When a college football team dismisses its leading rusher from the previous season, there is usually more than a terse 72-word news release.
But thats really all Mark Richt needed to say Friday when he kicked Isaiah Crowell out of the Georgia program following the running backs arrest earlier that day. The less Richt said, the more we knew how upset, disappointed and downright angry he had to be at having no choice but to make the decision.
We have a dedicated and committed group of men who are working hard to prepare for the coming season, said Richt. Our total focus will be directed toward the team and this effort.
That was it. There was no mention of Crowell in the entire comment. Richt didnt wish Crowell well in his future endeavors or none of the other usual scripted words. Richt instead talked about the very things that kept Crowell from achieving greatness in Athens: dedication, commitment, being a man, hard work, preparation, focus and effort.
There is no doubt Richt made the right decision, and he should be applauded for not letting the sun go down Friday before making Crowell an ex-player on his team. This was more than a strike three situation; it was a player given more than three chances to prove if he wanted to be an integral part of the Georgia football team.
Sure, these players are young men, and young men occasionally misbehave in college. But thats an empty excuse when players, staff and coaches beg someone to behave. Crowell was given every chance to become a star, but hes the one who got in his own way.
This is simple addition by subtraction. The other players know what Crowell had done during the past year. They probably know more than we know and know enough to realize this latest incident, whether Crowell is legally guilty or finds a way to beat the charges, was the final straw.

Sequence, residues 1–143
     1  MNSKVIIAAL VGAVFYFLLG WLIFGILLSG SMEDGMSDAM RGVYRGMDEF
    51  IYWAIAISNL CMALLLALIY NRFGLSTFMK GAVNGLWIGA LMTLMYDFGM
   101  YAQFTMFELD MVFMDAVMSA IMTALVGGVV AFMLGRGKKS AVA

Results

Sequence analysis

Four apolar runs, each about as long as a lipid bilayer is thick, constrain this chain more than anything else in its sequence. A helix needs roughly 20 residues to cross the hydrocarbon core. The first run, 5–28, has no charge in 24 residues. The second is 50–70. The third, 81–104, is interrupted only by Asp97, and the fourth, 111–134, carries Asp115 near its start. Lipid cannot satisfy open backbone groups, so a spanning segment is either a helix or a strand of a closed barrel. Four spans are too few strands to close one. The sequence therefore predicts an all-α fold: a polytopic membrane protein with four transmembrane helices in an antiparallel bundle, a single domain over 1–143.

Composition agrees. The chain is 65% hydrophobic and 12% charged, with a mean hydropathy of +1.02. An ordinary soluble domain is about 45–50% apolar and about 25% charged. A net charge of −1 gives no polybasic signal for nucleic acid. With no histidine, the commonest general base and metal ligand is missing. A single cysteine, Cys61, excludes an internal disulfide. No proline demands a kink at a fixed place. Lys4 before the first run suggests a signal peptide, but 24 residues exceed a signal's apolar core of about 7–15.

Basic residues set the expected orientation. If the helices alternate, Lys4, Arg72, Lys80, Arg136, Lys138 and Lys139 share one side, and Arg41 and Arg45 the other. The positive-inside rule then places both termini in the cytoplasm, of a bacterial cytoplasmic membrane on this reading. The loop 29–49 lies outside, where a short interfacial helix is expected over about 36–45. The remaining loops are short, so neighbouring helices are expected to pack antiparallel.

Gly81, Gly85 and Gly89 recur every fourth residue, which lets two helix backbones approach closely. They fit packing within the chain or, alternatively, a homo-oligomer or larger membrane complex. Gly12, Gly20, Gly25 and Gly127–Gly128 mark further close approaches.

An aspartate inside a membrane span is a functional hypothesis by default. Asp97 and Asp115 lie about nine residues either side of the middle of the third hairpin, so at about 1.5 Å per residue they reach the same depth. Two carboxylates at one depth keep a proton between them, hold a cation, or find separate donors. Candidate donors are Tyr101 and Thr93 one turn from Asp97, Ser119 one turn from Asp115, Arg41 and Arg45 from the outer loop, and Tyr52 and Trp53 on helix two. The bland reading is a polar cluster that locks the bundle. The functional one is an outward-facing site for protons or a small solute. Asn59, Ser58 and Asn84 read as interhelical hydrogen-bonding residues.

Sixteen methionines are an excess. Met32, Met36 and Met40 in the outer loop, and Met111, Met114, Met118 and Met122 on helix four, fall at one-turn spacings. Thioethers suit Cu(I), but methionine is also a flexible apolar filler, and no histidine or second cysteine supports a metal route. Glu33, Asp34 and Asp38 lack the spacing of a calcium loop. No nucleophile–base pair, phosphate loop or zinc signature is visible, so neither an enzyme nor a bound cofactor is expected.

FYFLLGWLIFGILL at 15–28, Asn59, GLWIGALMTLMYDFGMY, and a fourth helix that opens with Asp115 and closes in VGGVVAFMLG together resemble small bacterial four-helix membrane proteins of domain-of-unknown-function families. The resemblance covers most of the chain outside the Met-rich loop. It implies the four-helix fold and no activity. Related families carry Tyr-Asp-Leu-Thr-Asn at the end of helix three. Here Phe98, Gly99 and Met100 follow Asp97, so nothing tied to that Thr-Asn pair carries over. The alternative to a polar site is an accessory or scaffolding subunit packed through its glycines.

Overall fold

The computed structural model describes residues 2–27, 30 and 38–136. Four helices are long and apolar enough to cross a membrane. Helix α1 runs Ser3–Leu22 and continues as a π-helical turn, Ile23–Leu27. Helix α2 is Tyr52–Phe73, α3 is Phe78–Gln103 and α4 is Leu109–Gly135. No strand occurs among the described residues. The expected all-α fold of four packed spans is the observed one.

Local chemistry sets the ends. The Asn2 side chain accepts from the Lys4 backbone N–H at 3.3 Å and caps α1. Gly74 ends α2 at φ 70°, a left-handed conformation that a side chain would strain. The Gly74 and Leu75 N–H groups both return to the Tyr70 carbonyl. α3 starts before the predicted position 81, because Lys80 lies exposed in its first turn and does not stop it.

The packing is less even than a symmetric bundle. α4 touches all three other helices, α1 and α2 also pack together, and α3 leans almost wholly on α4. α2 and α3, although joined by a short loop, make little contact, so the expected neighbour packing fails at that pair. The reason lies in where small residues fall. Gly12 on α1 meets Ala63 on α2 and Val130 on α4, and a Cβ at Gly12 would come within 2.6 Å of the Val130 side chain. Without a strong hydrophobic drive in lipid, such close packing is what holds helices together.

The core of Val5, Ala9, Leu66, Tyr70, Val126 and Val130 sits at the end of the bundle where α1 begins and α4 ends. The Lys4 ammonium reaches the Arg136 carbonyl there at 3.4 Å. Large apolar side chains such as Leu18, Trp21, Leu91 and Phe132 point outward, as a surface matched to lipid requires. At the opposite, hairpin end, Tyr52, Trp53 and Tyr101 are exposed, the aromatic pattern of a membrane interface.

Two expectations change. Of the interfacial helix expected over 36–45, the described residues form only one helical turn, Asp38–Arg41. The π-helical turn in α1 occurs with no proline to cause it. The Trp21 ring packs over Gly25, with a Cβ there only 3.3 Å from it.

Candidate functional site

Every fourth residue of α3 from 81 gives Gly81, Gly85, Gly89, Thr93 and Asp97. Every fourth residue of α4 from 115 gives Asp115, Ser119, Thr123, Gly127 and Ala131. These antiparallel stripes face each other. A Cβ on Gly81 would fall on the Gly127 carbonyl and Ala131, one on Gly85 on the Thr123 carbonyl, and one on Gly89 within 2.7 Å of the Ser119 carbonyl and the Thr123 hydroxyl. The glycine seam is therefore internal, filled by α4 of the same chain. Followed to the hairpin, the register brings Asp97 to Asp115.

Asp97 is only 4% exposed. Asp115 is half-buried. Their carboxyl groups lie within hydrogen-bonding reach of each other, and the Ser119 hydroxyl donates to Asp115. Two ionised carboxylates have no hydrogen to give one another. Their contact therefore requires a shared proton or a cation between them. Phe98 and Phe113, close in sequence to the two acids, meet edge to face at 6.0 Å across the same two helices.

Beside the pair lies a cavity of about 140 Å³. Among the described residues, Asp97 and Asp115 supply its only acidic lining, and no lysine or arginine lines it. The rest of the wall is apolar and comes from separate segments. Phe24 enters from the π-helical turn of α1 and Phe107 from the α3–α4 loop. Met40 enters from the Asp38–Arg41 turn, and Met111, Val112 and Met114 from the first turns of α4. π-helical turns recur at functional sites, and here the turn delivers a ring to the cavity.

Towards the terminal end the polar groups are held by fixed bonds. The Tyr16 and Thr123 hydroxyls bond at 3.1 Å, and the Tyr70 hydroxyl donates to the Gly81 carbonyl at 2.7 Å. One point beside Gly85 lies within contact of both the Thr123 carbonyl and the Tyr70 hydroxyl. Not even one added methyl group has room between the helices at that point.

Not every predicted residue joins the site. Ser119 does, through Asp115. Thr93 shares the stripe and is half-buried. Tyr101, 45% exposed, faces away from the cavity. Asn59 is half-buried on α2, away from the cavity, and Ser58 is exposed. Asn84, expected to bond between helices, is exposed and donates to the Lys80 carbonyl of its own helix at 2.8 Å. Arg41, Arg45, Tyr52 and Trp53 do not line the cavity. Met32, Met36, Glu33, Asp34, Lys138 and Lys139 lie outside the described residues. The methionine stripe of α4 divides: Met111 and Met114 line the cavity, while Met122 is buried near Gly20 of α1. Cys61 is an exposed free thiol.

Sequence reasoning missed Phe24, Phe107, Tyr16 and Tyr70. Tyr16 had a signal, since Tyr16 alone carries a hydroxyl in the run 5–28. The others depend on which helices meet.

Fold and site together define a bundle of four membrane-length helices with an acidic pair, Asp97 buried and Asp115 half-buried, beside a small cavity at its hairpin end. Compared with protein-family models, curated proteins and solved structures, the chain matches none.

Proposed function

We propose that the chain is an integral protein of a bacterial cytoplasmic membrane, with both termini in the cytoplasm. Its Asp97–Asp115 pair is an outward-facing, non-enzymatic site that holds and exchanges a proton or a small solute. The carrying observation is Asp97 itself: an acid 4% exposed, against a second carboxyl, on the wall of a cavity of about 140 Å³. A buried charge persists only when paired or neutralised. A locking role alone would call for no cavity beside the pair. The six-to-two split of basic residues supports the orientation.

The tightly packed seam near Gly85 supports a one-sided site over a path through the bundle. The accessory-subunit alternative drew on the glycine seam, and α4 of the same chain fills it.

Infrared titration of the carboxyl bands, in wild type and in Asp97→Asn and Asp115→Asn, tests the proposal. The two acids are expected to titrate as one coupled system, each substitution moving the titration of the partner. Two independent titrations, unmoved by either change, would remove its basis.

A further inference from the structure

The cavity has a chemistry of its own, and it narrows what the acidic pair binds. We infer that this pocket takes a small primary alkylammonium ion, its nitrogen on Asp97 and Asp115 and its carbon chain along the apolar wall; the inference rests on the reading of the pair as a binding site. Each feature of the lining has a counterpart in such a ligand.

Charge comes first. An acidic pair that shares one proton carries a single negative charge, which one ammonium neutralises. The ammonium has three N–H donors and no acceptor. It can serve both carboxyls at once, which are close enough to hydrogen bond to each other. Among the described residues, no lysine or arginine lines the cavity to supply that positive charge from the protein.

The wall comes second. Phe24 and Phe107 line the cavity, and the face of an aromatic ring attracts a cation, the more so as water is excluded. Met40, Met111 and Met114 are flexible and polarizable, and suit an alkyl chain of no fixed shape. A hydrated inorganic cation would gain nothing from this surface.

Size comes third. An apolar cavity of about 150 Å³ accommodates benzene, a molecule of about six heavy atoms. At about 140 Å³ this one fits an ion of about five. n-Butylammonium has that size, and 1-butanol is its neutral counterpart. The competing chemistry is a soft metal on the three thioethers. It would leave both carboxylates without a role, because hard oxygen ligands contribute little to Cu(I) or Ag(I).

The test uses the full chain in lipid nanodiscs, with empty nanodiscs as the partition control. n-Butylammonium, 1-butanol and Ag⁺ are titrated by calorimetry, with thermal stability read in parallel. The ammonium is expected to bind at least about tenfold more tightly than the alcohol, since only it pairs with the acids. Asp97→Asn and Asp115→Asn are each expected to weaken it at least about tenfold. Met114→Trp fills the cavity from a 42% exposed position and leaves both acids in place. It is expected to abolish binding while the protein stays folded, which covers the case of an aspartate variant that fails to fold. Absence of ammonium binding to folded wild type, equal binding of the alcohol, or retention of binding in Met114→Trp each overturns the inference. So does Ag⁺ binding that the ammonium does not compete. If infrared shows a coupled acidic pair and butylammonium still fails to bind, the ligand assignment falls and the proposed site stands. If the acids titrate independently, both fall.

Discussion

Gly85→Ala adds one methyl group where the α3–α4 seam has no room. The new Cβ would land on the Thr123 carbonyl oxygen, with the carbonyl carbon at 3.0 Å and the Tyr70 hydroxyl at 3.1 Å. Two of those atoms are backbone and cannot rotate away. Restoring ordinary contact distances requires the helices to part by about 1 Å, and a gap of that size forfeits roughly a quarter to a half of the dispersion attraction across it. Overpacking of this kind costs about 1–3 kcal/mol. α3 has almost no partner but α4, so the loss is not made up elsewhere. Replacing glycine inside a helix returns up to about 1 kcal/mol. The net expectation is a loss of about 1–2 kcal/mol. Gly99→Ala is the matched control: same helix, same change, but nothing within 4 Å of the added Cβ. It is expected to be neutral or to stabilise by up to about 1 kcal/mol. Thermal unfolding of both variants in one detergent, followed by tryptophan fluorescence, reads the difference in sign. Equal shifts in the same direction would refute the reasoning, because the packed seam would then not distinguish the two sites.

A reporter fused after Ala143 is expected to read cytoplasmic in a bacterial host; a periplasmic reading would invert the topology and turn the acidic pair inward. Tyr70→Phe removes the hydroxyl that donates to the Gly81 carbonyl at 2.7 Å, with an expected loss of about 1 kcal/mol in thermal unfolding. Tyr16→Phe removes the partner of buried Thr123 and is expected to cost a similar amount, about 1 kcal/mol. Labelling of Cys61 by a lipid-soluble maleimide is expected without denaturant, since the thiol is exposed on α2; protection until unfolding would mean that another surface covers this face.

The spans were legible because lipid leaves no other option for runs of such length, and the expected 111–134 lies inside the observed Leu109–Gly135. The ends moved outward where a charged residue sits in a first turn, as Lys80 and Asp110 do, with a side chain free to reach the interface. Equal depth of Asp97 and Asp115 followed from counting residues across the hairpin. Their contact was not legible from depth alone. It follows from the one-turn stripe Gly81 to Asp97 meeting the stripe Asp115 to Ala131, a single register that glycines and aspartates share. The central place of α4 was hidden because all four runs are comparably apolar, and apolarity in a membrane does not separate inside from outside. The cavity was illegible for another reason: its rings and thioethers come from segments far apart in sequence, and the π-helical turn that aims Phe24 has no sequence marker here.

A team has to depend on every member, and when someone who is admittedly very important to that equation lets down his teammates again and again, they have to go.
Its going to be tough to replace the 850 yards Crowell ran for last season, but Georgia will be fine. Ken Malcome, Keith Marshall and Todd Gurley will form a solid trio and, at the same time, likely stay out of the newspaper for off-the-field incidents.
Its somewhat sad every time we see an athlete, whether its in college or in the pros, squander an opportunity. Maybe they just get too cocky and think they are above the law and above respect. Maybe they get away with things at one level that they cant get away with at another. Maybe theyre just stupid and dont have the sense to stay out of trouble.
The saddest part of this situation, however, is it was not a surprise. Most Georgia fans have been holding their breath all offseason hoping Crowell could get through the summer without any more trouble.
If this had been a player who had no marks on his record and had been exemplary in his time in Athens, then he would have been given more of a benefit of the doubt. Perhaps they would have allowed the legal process to take its course before making a final decision.
But this was someone who was already on a short leash, and the words felony charges were the final two words Richt or anyone else needed to hear regarding Crowell.
So like Caleb King and Washaun Ealey before him, the latest next Herschel Walker leaves Athens with a bad ending. Perhaps at the least, the lesson of what happens to players when they dont behave will rub off on someone, since Crowell never really got it.
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